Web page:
This may look odd in view of the fact that in 2020, the doctor-population ratio of 1:1404 in India was well below the WHO prescribed ratio of 1:1000. Similarly, 1.7 nurses per 1000 in India is 43 percent less than the 3:1000 prescribed by WHO.
India has occasionally relied on Indians who have made a mark in their chosen area of specialization for transforming Indian institutions but the results have been mixed. Undoubtedly, we have not been able to create an ecosystem that identifies, captures, and nurtures talents permitting them to achieve excellence in their chosen career.
How come most of the Indian Nobel Prize winners and Fields Medal awardees are those who left the country and were able to make their marks on foreign soil? The only exception is C.V. Raman who completed all his education in India and worked in India and won the Nobel Prize when still in India. The other exception could be Rabindra Nath Tagore, who, in fact, educated himself without going to any university. All others including Abhijeet Banerjee, Amartya Sen, Hargobind Khorana, Subrahmanyan Chandrashekhar, and Venkatraman Ramakrishnan, did their first degree in India, moved abroad for further higher education, and started their career abroad.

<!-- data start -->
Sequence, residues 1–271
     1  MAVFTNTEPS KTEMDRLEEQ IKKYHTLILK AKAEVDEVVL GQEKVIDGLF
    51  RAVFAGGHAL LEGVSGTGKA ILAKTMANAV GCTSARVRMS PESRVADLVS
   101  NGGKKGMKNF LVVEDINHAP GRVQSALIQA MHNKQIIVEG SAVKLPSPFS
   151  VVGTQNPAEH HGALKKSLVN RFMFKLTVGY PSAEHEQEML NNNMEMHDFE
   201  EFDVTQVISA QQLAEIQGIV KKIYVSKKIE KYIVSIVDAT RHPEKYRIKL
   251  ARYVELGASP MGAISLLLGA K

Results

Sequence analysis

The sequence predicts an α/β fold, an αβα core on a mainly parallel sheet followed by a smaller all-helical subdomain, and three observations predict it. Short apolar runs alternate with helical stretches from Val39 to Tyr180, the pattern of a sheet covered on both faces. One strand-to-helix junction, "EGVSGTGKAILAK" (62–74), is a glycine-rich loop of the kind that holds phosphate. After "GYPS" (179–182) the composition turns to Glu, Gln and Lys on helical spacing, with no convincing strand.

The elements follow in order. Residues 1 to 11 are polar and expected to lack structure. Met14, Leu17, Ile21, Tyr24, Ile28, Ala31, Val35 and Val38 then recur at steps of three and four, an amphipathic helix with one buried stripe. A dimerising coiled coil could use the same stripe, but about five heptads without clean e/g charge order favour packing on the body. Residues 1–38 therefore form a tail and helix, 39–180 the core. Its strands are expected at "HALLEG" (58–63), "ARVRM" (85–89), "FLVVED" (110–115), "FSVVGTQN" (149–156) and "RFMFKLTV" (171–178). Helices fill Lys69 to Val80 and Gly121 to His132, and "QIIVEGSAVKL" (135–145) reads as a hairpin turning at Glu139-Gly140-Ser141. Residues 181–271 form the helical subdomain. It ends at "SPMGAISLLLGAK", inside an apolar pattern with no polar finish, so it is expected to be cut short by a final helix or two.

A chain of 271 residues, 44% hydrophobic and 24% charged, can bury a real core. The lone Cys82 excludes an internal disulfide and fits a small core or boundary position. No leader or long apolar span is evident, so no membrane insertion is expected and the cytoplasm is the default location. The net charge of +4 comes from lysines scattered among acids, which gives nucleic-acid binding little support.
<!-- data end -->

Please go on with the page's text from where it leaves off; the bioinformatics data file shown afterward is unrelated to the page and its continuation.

The moot question is as to why is it so? What do developed nations provide which enable Indians in academics and various other professions to attain such heights in their careers while working abroad? So long we find the answer to this critical question, let our brethren go and settle abroad. They might appear a loss to the nation but would be a gain to the profession that they wish to pursue and excel.
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About the author
Dr. Furqan Qamar is a former Advisor (Education) in the Planning Commission of India. He has been the former Vice-Chancellor of the University of Rajasthan and Central University of Himachal Pradesh. Dr. Qamar is currently the Professor of Management at the Centre for Management Studies (CMS), Jamia Millia Islamia (JMI), New Delhi.